In Brief

World Bank signals 'fundamental' climate change shift

More than a quarter of investment will now go directly to help developing world fight global warming

World Bank

The World Bank has signalled a "fundamental shift" in its funding policy which will see tens of billions of dollars channelled into projects to fight climate change.

Officials announced that in future, 28 per cent of all World Bank's investment would go into projects that, for example, aim to rapidly increase renewable energy capacity across the developing world. This will amount to at least $16bn (£11bn) a year by the end of the decade, notes The Guardian, with up to a further $13bn (£9bn) being "leveraged" from the private sector.

In addition, the organisation said that all of its future spending decisions would take account of the impact on the environment, a response in part to criticism that it has funded fossil fuel-based energy projects.

"This is a fundamental shift for the World Bank. We are putting climate change into our DNA," said John Roome, a senior director for climate change.

Along with its fellow development banks which are part of the World Bank Group, the funding body was made the "lynchpin" of a pledge agreed in Paris in December to provide $100bn (£71) of funding to poor countries to help them adapt to a low-carbon world.

At that summit, 195 world leaders vowed action to keep global temperature rises below the two-degree level that scientists frequently cite as a tipping point for catastrophic climate change. In two weeks, the leaders will convene in New York to formally sign that agreement.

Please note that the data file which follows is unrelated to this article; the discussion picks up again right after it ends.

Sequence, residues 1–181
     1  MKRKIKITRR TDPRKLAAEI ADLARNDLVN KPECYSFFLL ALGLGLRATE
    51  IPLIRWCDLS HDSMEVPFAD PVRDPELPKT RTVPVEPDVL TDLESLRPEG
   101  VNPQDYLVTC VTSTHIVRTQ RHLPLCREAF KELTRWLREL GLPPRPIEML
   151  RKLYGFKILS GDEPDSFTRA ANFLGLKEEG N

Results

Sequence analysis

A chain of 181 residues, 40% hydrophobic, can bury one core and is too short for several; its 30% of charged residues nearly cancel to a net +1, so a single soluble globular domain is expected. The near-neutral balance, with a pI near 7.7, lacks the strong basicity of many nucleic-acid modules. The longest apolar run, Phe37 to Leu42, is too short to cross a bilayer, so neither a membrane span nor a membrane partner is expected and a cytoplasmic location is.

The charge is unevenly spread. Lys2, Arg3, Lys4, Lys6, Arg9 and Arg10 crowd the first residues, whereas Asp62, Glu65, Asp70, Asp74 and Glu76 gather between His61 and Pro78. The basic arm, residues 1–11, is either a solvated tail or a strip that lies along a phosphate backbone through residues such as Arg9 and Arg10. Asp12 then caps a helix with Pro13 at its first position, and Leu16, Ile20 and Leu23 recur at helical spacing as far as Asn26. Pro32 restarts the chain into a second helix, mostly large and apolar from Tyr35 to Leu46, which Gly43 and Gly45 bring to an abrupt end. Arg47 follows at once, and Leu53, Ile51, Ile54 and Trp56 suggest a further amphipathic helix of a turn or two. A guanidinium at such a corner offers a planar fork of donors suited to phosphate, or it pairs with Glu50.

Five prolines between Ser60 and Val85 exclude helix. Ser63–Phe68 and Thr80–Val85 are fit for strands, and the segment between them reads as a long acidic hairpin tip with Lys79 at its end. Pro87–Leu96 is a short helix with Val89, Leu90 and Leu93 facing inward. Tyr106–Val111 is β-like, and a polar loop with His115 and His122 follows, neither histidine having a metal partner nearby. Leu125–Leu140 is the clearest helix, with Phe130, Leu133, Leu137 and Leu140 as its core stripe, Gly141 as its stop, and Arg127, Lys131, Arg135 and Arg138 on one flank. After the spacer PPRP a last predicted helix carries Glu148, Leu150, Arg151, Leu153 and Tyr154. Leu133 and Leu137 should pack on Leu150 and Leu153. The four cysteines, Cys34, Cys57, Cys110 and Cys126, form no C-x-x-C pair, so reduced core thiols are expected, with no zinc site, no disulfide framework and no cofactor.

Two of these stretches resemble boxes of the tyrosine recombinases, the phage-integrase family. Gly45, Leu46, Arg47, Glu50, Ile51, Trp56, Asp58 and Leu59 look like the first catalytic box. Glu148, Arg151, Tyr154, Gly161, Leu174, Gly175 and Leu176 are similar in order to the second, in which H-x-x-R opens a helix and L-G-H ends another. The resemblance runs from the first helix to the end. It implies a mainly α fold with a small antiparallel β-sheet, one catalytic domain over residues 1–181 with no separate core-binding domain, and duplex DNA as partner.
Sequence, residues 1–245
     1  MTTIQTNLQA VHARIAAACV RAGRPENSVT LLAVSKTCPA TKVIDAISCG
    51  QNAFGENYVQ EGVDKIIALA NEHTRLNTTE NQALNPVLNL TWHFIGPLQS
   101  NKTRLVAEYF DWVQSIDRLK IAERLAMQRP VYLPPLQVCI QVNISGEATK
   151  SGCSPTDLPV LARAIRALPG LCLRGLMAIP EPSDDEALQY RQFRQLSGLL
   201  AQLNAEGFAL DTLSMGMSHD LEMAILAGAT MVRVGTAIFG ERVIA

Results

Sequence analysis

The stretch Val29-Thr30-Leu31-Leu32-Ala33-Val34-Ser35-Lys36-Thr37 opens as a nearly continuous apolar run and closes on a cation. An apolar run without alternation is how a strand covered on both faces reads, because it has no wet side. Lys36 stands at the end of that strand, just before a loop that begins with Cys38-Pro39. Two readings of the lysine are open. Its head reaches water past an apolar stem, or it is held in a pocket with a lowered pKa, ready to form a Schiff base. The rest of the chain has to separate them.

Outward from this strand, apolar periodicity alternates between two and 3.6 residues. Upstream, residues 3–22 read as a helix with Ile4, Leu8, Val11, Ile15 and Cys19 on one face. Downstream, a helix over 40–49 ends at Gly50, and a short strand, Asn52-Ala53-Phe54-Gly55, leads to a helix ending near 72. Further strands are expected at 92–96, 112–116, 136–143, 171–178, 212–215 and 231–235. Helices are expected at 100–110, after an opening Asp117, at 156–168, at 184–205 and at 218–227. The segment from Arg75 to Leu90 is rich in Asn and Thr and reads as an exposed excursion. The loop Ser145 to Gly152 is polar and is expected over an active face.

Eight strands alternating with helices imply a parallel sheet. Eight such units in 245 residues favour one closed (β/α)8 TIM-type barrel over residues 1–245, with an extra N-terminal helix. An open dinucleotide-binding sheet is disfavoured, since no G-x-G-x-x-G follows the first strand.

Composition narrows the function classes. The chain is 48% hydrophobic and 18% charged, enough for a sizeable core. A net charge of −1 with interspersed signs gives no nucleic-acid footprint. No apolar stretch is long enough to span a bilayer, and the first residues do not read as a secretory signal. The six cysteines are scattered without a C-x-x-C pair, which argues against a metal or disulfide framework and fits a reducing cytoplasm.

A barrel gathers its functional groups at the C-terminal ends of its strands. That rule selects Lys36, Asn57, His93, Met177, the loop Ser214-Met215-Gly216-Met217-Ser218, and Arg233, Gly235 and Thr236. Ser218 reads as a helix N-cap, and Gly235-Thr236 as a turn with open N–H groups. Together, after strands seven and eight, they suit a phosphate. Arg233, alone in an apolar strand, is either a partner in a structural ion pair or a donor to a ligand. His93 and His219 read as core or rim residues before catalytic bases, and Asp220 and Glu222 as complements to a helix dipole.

"Following the Paris climate agreement, we must now take bold action to protect our planet for future generations," said Jim Yong Kim, the president of the World Bank Group.

"We are moving urgently to help countries make major transitions to increase sources of renewable energy, decrease high-carbon energy sources, develop green transport systems and build sustainable, liveable cities for growing urban populations. Developing countries want our help to implement their national climate plans, and we’ll do all we can to help them."

The new strategy will including funding construction of enough renewable energy to power 150 million homes in developing countries and building early warning systems for climate disasters for 100 million people, says the Guardian.

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